Let me repeat in case you didn’t catch it; We do NOT merit INITIAL JUSTIFICATION/REGENERATION/ADOPTION! ( If only the Kevin Falloni’s of the world could comprehend simple English. )
        First, we are born again. Gratuitously. Then, and only then, we start to merit an increase or holiness ( grace ). This what what Jesus means by using the word “REWARD”. Wages are earned due to equivalence between work done and payment. Rewards are merited based on the generosity of the one making the offer and completion of the stipulations set by him.

        Both Jesus and Paul speak of our adoption, our heirship. Both say we can fail to receive that inheritance if we sin grievously though.

  10. Jim says:

    Ken,
    I just so happen to have stumbled on this KJV Only, geocentric, 6 days of creation, Trail of Blood reading yokels. http://oldpathsbaptistchurch.org/ I immediately recognized the picture as the same one you have on your site. Please tell me it is merely a coincidence.

    • Ken Temple says:

      That is just one of the standard “word press” template choices for having a blog. There is no relation, except we both have a word press blog.

      • Jim says:

        Maybe I’ll get me one of them blogs and start refuting those who deny the Sacraments.
        I’ll start at the beginning with the the first of seven, Baptism.
        I will start with Mark 16:16. Belief ***AND***Baptism.
        Or how about the Great Commission. Or Peter’s sermon on Pentecost.
        What do you think, shall I stress baptismal regeneration, water, infants or that it’s not magic?

  11. Ken Temple says:

    Robert Sungenis, a Roman Catholic apologist, is a Geocentrist – and, I think, all of the “Traditional” Roman Catholics who reject the Popes after Pius XII and Vatican 2 – some are Sedevacantists and others are just seemingly putting up with grudgingly with the modern Popes and Vatican 2 theology, but disagree with Vatican 2 theology and want the RC to go back to the tradition of “no salvation outside the church” (that Protestants are heretics and not “separated brethren” and Muslims and atheists and Jews are not saved unless they repent and turn consciously to Christ (and submit to the RCC and the Pope, etc.) and the Latin Tridentide Mass, etc.. I met several Geocrentrist Traditional Roman Catholics at the You Tube video lecture of Rod Bennett’s “The Four Witnesses Brought Me Home”. Dave Armstrong calls them “Rad Trad” (Radical Traditionalists) – one guy goes by “St. Peter” and other “St. Jerome” and another Ron Hahn and another is Salam Khan (former Muslim turned Roman Catholic). If I remember right, maybe St. Jerome is not radical traditionalist, but I think the other 3 are.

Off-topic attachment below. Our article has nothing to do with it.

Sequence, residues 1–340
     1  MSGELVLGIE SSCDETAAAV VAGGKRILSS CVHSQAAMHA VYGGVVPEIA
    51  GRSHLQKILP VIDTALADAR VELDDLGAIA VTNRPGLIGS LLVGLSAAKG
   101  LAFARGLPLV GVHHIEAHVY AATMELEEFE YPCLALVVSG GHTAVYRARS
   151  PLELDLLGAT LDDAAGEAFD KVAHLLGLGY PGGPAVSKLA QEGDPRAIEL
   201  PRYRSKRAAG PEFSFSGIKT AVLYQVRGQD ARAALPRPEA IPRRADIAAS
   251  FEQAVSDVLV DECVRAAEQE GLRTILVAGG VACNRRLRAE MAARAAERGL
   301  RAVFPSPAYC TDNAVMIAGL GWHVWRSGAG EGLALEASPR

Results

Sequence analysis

See below in the 242 replies to my comment – Under “Rod and I were pretty good friends” (10 months ago)

    Ron Hahn about 6 days ago is just putting massive amount of text of early church fathers and quotes from old Popes, and just trying to overwhelm me but also states, “I don’t want to talk to you anymore”. I am busy with family and work and did not have time to read through all that and respond. Anyway, you can go there and enjoy their Geocentrism and Traditional Pre-Vatican 2 Roman Catholicism.

  12. Ken Temple says:

    I don’t deny that the Lord’s supper (Eucharist) and Baptism are commands of Jesus, and ordinances and external pictures and symbols of faith in Christ. But if by “sacrament” you mean inherent power to cause grace to adhere to the soul, yes, I and most, if not all, deny they have that inherent ex opere operato power.

    But they are “means”, channels of strengthening faith, which then gives sanctifying grace, if the person has true justifying faith in Christ first.

    Mark 16:16 is true, but there are doubts about the authenticity of Mark 16:9-20, because we just don’t have ANY manuscripts of it early.

    If a person says, “I believe” but refuses to be baptized or grow or want to join a Biblical local church, that person is not truly regenerated, or does not have true justifying faith in Christ to save him/her.

    So, there is a sense in which Mark 16:16 and Acts 2:38 are true in the Protestant understanding. Acts 2:38 – I already pointed to good articles that explain that.

    http://beggarsallreformation.blogspot.com/2011/06/between-orange-and-trent.html

    http://www.samstorms.com/all-articles/post/acts-2:38/

  13. Ken Temple says:

    I think Acts 2:38 is the combination of 2 points that Storms makes, although he says the “because of” view of “eis” is grammatically unlikely or awkward.

    “. . . the preposition translated “for” in v. 38 (Greek, eis) can also be translated “because of” (it may be used this way in Matthew 3:11; cf. also Mt. 10:41; 12:41). Thus the idea would be that a person should be baptized not in order to be saved and forgiven of sins but because they are already saved and forgiven.” I agree with that, which points to the next view:

    “The view that is most consistent with what we read elsewhere in the New Testament is that Acts 2:38 says nothing about the relationship between baptism and forgiveness but everything about the relationship between baptism and repentance.”

    external water baptism is a sign and symbol and demonstration of repentance.

    • Jim says:

      Ken,
      “If a person says, “I believe” but refuses to be baptized or grow or want to join a Biblical local church, that person is not truly regenerated,…”.

      Huh? The statement, “Repent and be baptized” is in the imperative mood mood. It’s a command. If what you assert is correct, it would be in the indicative. It’s not.